Direct-Fed Microbials (DFM) have been of great interest in recent years. There have been several hypotheses put forth to explain the usefulness of DFM. One of the most common explanations for improved animal health or production suggests that the addition of beneficial bacteria prevent the colonization of pathogens in the lower gut by competing for space and nutrients. Production of antimicrobial end products such as acids and antibiotics has also been discussed. Some of the proposed mechanism for how DFMs work include:

•      Production of antibacterial compounds (acids, antibiotics).

•      Competition with undesirable organisms for space and/or nutrients in the digestive tract (competitive exclusion).

•      Production of nutrients (e.g. amino acids, vitamins) or other growth factors which stimulate growth and reproduction of other microorganisms in the digestive tract.

•      Production and/or stimulation of enzymes.

•      Breakdown and/or detoxification of undesirable compounds

•      Stimulation of the immune system in the host animal.

Similarly, yeast usage has found applications in many areas. One particular area of interest is in cattle grazing fescue pastures. Much of the eastern and southern United States has endophyte-infected fescue as the main source of forage protein and energy. While new lines of endophyte-free fescue exist, it is unlikely that there will be wide-spread replanting of fescue areas.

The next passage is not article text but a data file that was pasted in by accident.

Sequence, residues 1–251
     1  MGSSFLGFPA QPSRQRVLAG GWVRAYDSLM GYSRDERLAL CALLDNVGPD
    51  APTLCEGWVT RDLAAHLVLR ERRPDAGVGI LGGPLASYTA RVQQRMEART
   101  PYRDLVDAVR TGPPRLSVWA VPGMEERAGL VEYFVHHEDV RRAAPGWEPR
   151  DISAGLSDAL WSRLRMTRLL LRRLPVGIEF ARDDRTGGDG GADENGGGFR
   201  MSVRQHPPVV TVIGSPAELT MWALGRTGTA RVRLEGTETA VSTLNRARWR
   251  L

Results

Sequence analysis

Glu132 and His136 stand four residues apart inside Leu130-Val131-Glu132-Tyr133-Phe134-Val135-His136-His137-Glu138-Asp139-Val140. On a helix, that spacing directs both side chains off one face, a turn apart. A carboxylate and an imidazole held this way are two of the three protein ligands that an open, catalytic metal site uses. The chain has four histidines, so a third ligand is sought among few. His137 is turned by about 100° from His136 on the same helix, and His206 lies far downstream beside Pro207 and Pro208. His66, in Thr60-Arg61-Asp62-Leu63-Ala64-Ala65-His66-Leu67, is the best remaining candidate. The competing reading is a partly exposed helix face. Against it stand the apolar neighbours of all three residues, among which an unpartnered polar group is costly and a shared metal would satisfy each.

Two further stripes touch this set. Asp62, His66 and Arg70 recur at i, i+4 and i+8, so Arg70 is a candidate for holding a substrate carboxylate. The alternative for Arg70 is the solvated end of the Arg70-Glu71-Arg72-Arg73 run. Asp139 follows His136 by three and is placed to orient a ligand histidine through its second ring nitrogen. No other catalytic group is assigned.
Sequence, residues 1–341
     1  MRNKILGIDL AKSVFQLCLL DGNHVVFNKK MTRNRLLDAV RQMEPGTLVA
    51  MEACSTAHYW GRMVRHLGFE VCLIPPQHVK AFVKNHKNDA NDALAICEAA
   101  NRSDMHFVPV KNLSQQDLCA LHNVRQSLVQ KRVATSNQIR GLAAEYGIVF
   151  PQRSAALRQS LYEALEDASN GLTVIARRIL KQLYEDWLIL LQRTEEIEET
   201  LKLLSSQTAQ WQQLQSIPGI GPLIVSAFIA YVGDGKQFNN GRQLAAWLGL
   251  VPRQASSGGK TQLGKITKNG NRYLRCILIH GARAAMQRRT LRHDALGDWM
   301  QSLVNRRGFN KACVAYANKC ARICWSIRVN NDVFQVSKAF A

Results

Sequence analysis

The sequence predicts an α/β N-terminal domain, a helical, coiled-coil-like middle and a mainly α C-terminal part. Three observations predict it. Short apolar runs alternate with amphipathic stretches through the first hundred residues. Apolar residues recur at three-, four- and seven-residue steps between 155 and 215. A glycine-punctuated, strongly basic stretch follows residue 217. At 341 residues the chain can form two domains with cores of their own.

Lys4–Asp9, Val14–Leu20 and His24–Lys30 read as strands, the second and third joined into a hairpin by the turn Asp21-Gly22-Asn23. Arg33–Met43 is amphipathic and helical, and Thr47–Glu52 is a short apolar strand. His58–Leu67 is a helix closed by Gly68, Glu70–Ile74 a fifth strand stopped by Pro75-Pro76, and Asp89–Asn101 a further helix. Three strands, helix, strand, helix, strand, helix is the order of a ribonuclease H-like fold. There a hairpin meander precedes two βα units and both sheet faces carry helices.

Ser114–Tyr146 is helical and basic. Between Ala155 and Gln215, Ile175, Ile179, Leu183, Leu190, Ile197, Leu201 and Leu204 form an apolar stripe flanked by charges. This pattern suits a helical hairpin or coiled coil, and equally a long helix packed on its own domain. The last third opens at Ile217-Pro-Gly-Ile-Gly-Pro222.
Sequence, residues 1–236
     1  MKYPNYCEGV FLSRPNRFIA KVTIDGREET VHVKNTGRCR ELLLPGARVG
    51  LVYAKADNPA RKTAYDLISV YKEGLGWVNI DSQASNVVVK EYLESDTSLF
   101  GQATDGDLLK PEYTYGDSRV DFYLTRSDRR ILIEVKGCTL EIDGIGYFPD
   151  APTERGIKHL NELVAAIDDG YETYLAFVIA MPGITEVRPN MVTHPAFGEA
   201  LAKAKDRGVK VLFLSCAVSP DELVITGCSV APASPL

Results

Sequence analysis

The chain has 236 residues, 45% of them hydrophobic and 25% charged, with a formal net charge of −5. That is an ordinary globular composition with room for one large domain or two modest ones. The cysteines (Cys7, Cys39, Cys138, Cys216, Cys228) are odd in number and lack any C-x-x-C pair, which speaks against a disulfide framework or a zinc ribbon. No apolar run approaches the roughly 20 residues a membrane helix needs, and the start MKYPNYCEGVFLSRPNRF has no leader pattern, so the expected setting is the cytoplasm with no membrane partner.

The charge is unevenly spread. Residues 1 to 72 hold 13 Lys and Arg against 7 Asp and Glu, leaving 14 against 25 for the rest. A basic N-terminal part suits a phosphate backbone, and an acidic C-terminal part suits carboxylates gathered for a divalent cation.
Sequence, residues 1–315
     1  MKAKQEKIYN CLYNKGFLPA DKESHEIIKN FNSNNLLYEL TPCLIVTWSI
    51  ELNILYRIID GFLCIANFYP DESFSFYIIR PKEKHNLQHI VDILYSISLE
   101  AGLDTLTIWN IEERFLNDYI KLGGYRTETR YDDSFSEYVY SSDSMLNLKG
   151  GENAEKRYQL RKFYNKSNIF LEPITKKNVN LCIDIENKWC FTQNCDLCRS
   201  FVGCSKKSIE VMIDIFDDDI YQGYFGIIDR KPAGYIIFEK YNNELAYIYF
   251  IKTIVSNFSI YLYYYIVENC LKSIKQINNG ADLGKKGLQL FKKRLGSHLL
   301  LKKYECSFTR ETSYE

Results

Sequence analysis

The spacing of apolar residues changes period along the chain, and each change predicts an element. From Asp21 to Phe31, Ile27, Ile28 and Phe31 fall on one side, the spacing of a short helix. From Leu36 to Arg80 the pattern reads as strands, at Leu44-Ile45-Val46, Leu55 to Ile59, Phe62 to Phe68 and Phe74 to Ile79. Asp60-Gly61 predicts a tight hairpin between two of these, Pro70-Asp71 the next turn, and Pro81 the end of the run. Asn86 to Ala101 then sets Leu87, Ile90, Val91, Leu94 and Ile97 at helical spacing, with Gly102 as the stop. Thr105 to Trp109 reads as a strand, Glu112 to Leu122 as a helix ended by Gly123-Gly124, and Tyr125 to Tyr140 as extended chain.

Yeast cultures have been shown to positively affect animal performance and mineral consumption. Studies in Florida and California resulted in improved feed intake, production, and reduced rectal temperatures during summer heat stress in dairy. Other research trials have shown that yeast cultures have also increased rumen bacteria numbers and improved the digestion of feedstuffs in both beef and dairy animals. Both mineral consumption and absorption have been positively affected by the addition of yeast culture to free-choice mineral mixes. Finally one 1986 study showed improved weight gains in yeast culture fed cattle grazing fescue pasture.

Much research is still needed into how these compounds actually function in the animal and what the overall mode of action really is. The results to this point, however, have been good enough that producers and researchers alike should give attention to these tools.


From this brief review it becomes obvious that animal health and productivity are not necessarily related to the application or use of a needle. It is important for the producer to evaluate the opportunities and tools at his disposal. Many of the concepts discussed here could prove valuable at improving overall animal health, performance and producer profitability. This will become increasingly important as consumer demand results in lower amounts of antibiotics and other compounds used for the production of food.

Dr. Steve Blezinger is a nutritional and management consultant with an office in Sulphur Springs, TX. He can be reached at 667 CR 4711 Sulphur Springs, TX 75482, by phone at (903) 352-3475 or by e-mail at